Step 6: Create a Set associated with the variable “Week”

Select the “Week” variable and with the right click select the Create Set option with the name “Set of Weeks”.

Step 7: Create a Set Actions

Let’s remember  that the “Set Actions” take an existing “Set”, in this case “Set of Weeks” and update the values contained in that “Set” based on the action of a user in the visualization.

It’s also possible to define the Set Action later in the Dashboard. In this exercise, I’m using the definition within the “Worksheet” menu.

Step 8: Calculate the maximum week selected by the user.

When the user interacts with the Viz, the Set Actions allow to select multiple “marks”. In this challenge, Lorna tells us that when selecting several points, you must set the maximum week in your selection by default.

 Max Week Selected = {FIXED : MAX(IIF([Set of Weeks], [Week], NULL))}

At this point of the challenge, I would like to have the Tableau 2019.2 version already available, which is in its second beta version, which means that its launch is getting closer and closer. I would love to use the actions of the parameters, a new and powerful functionality that offers us new possibilities of interaction in the Viz. I think that in this challenge, they would come as a glove, since only the last selected brand would be considered.

Step 9: Calculate the values for the reference lines.

 Ref Line for Price = If the “Average closing” option is selected, the average closing value should be used IIF([Compare Against] = 1, { AVG([Weekly Close]) }, If the “date” option is selected, a reference line must be added that shows the closing value for that week. { MAX( IIF([Week] = [Max Week Selected], [Weekly Close], NULL)) })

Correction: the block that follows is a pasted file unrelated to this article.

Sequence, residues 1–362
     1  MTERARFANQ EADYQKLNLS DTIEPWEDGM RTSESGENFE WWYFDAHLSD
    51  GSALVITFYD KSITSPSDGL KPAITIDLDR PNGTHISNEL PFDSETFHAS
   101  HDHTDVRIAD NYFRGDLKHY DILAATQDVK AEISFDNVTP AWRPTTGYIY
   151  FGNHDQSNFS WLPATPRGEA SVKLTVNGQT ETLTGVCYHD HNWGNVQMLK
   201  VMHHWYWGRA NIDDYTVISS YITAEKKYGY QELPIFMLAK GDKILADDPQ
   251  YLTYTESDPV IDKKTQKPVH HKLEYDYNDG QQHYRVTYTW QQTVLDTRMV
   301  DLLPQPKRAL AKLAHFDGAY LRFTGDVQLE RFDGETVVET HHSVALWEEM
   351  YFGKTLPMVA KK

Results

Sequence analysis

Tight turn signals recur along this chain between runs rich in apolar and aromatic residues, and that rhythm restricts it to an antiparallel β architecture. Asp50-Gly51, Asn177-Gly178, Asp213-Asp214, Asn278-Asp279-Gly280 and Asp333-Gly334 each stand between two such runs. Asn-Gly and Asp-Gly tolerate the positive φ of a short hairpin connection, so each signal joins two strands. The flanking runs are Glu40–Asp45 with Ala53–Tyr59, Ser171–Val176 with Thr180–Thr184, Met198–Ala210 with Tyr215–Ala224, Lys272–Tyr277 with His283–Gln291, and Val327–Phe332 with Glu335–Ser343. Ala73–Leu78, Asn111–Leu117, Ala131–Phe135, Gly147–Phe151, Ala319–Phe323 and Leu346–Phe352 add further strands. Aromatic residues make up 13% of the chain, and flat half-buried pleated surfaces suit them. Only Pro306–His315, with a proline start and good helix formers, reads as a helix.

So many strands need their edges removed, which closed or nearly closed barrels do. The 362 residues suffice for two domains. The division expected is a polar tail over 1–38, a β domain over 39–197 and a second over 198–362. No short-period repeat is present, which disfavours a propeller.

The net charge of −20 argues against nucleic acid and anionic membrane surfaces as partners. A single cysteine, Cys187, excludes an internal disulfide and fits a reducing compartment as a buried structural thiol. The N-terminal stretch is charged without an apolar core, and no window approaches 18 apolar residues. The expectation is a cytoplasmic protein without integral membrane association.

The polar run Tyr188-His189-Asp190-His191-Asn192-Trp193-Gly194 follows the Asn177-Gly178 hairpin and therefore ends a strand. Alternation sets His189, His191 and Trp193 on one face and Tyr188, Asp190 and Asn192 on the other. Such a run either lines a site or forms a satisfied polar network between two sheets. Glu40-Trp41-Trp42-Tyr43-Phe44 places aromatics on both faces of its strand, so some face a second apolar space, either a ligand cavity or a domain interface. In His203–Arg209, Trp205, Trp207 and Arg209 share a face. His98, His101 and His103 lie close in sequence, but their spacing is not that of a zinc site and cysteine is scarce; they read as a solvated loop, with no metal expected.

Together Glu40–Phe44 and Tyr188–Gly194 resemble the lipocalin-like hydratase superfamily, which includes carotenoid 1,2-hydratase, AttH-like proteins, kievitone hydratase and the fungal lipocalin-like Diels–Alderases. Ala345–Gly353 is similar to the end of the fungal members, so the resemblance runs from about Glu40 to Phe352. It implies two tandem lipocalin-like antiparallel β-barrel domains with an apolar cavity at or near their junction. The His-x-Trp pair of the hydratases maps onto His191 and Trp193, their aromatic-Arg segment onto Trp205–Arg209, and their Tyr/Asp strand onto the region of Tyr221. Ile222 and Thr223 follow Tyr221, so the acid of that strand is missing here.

Ref Line for Week = If the “Average closing” option is selected, there will be no reference line in the “Week” axis. IIF([Compare Against] = 1, NULL, If the “date” option is selected, you must add a reference line that shows the selected week. [Max Week Selected])

Step 10: Calculate the color variable.

The color of the circles is determined according to whether the weekly closing value is above or below the value of the price reference line.

 Color = [Weekly Close] >= [Ref Line for Price]

STEPS FOR THE DEFINITION OF THE CHART

Step 12: Create chart with synchronized double axis.

Select the option “Stack Marks On” from the “Analysis” menu.

Define the first axis for the area chart:

• Filter ⬅  “Measure Names” and select “Gray Area” & “Low”
• Columns ⬅   “Week” use “Exact Date” and “Continuous”
• Rows ⬅   “Measure Values”
• Color ⬅   “Measure Names”
• Tooltips ⬅   “MIN(Low)”, “MAX(High)”, “MAX(Weekly Close)”, “MAX(Ref Line for Price)” and “Max(Ref Line for Week)”

Adjust the colors to show the “Low” area in white and the “Gray Area” variable in gray.

Define the second axis for the line chart:

For this second axis we will use a trick, where the variable “Dot” created in step 5 will help us to place points in each of the “Marks” of a line chart, giving the effect requested in the challenge.

• Rows ⬅   “MAX(Weekly Close)”
• Color ⬅   “ATTR(Color)”
• Tooltips ⬅   “MIN(Low)”, “MAX(High)”, “MAX(Weekly Close)”, “MAX(Ref Line for Price)” & “Max(Ref Line for Week)”
• Label ⬅   “ATTR(Dot)”

To use the variables “Color” and “Dot” as attributes, select the “Attribute” option with the right click.

Although the original challenge is based on information from May 2013, the following images show only the data for 2018 and 2019, in order to better appreciate the variations between weekly minimum and maximum values.

With this we conclude the main chart of the challenge!

Note: For the construction of the tooltip chart, I use a similar logic, only in the tooltips I use the types of marks of: “Bar” and “Circle”.

Link to Tableau PublicThanks to @lorna_eden for sharing a fun challenge.

If you have any questions about the blog, do not hesitate to contact me on Twitter (@rosariogaunag)

Regards!

Rosario Gauna